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:not(s)

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The :not(X) property in CSS is a negation pseudo class and accepts a simple selector1 as an argument. Essentially, just another selector of any kind.

:not matches an element that is not represented by the argument. The passed argument may not contain additonal selectors or any pseudo-element selectors.

View Demo

/* the X argument can be replaced with any simple selectors */
:not(X) {
  property: value;
}

In this example we have an unordered list with a single class on the li:

<ul>
  <li></li>
  <li class="different"></li>
  <li></li>
</ul>

Our CSS would select all the <li> elements except the one(s) with a class of .different.

/* Style everything but the .different class */
li:not(.different) {
  font-size: 3em;
}

You could also do the same using pseudo classes which are considered a simple selector.

p:not(:nth-child(2n+1)) {
  font-size: 3em;
}

However if we use a pseudo element selector as our argument it will not produce the expected result.

:not(::first-line) { /* ::first-line is a pseudo element selector and not a simple selector */
  color: white;
}

Visual representation of the varied uses of :not()

The specificity of the :not pseudo class is the specificity of its argument. The :not() pseudo class does not add to the selector specificity, unlike other pseudo-classes.

Negations may not be nested so :not(:not(...)) is never permitted. Authors should also note that since pseudo elements are not considered a simple selector, they are not valid as an argument to :not(X). Be mindful when using attribute selectors as some are not widely supported as others. Chaining :not selectors with other :not selectors is permissible.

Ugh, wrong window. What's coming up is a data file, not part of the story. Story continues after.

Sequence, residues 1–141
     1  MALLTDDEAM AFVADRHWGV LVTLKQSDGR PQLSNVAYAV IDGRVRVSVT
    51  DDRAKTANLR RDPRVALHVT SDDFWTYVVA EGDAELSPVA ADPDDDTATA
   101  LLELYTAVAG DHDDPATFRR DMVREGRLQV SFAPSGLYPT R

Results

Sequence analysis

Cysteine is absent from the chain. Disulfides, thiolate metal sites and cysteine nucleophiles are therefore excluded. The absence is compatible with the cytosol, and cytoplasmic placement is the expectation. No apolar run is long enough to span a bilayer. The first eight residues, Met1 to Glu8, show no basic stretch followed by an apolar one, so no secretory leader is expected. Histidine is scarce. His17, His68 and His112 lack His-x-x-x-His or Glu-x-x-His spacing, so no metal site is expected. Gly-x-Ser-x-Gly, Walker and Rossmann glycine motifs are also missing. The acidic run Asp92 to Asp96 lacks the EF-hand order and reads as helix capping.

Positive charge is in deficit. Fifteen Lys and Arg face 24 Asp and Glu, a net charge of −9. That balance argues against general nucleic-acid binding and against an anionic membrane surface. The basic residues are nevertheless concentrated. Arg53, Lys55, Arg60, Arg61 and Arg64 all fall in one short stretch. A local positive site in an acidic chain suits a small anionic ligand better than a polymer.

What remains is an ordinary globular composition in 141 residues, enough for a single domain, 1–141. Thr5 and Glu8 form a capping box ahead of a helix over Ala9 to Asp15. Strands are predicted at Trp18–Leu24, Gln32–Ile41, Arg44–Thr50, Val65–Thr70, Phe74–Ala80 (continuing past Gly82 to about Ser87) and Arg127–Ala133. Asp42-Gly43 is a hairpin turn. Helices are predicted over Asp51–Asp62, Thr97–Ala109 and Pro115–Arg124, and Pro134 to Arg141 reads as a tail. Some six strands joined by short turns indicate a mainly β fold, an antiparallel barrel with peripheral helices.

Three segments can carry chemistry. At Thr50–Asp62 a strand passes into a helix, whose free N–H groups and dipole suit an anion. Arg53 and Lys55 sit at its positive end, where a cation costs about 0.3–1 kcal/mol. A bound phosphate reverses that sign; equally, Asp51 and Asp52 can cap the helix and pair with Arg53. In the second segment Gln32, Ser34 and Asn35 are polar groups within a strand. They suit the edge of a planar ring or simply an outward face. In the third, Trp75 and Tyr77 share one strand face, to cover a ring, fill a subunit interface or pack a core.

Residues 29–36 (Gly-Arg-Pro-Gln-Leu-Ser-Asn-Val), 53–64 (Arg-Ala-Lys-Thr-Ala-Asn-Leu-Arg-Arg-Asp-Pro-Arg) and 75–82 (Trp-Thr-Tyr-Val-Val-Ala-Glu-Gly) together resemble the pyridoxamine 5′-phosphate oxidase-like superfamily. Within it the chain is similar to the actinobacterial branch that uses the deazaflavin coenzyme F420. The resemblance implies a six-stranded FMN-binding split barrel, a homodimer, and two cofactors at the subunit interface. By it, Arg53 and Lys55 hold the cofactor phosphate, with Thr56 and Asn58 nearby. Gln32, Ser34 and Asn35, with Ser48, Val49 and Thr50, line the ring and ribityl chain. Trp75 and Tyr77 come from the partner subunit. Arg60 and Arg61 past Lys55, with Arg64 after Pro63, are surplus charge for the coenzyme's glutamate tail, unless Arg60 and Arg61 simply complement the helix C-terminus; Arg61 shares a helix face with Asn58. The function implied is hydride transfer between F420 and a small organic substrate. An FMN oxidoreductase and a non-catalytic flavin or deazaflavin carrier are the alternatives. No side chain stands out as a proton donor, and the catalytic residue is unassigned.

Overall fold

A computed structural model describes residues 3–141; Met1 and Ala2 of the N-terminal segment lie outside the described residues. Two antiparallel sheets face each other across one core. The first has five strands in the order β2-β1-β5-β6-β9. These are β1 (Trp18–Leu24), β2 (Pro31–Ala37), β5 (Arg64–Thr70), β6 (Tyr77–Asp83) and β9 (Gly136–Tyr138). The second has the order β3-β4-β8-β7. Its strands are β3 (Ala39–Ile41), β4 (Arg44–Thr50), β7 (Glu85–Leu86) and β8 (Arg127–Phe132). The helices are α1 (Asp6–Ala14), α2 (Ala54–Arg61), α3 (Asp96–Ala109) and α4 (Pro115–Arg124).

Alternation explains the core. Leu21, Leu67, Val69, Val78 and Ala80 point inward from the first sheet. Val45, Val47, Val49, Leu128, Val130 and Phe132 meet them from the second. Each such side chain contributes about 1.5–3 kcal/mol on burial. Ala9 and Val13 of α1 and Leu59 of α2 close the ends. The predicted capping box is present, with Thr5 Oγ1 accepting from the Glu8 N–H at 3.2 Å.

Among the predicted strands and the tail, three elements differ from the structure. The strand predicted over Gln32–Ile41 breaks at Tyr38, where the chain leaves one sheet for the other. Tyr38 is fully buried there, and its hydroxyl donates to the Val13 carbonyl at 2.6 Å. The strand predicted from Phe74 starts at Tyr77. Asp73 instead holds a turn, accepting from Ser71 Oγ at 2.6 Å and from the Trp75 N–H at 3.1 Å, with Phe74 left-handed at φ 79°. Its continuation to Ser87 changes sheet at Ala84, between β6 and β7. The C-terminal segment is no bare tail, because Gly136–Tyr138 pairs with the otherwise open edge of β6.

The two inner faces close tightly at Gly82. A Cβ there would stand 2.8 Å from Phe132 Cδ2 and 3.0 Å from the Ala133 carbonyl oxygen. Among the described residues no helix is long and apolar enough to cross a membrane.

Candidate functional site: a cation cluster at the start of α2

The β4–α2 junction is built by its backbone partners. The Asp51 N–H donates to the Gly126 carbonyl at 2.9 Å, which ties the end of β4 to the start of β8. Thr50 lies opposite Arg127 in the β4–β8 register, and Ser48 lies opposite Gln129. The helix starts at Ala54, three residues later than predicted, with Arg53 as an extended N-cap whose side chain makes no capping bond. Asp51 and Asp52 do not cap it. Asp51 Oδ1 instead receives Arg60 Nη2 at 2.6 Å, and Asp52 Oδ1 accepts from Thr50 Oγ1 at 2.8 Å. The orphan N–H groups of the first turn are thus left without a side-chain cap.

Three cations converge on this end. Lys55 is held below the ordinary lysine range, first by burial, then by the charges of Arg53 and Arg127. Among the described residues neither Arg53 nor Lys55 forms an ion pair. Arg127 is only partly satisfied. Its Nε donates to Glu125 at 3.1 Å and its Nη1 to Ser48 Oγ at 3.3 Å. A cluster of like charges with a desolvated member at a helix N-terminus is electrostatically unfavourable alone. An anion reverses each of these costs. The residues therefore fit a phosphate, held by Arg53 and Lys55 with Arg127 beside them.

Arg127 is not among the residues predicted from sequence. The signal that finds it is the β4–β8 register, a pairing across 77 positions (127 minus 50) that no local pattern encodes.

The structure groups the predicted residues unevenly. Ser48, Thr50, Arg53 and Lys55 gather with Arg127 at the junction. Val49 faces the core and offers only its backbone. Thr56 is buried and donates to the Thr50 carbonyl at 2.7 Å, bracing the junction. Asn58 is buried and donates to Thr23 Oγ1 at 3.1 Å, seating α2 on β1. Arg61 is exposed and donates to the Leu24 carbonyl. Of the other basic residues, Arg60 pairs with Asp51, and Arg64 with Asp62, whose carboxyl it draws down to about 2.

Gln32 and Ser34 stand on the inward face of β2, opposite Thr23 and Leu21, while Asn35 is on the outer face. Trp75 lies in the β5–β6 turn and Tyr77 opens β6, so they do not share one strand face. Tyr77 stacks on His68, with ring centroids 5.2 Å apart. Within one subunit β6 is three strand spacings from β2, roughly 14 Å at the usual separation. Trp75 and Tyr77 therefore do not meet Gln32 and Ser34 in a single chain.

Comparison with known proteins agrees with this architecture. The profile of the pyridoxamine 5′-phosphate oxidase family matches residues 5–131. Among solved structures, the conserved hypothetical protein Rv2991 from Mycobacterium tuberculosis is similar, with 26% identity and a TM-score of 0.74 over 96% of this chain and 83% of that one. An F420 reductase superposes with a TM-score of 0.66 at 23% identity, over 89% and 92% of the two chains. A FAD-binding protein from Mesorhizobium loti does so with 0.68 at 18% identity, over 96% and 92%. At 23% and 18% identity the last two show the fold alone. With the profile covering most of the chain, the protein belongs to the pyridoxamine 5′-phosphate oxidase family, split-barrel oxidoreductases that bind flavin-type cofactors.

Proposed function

Other Resources

Browser Support

Chrome Safari Firefox Opera IE Android iOS
14+ 4.0+ 3+ 11.1+ 9+ 2.1+ 3.0+

1 A simple selector is classified as a Type Selector, Universal Selector, Attribute Selector, Class Selector, ID Selector, or Pseudo Class Selector.

Comments

  1. mesamorpho
    Permalink to comment#

    Thanks for covering the :not() selector, and as always with useful examples!

    I would like to point out though, that the example depicted in the image of p:not(:nth-child(2n+1)) is somewhat ambiguous and may be misleading, at least without explicit reference. The example holds true when looking at your demo page, where the first child of the <div class="f"> block is a <header> element but anyone not looking at the demo page is likely going to expect that the second and fourth elements are selected/displayed with a white background — since the example selector really says: select any <p> element that is not an odd child, whereas the image shows exactly the two odd elements as being selected.

  2. razvan
    Permalink to comment#

    On the image “Visual representation of the varied uses of :not()” shouldn’t you point the 2 and 4 boxes ?
    2n+1 is an odd number.So when you say :not(odd) should result in targeting the even numbers.
    Am I wrong ?

  3. Pratip Ghosh
    Permalink to comment#

    Thanks for the wonderful article. However, I would like to know whether there is a way to identify a single element in my html page that would “not” take the general styling/css? What “not” does is specify all other element and “not” the one in the argument. I just want the opposite.

    <style>
    .div-class p{font-weight: bold;}
    .div-class p:not(.no-style){font-weight: normal;}
    </style>

    <div class="div-class">
    <p>This should be bold.</p>
    <p class="no-style">This should not be bold.</p>
    </div>

    I would like the “p” with the “no-style” class to have a normal font weight. It’s currently the opposite. I hope to have made myself clear.

    Thanks,

    • Permalink to comment#

      @Pratip: simply use straight forward css:

      p {
          font-weight: bold;
      }
      .no-style {
          font-weight: normal;
      }
      

      You don’t NOT want the paragraph with that class, but you do want the paragraph with the class no-style

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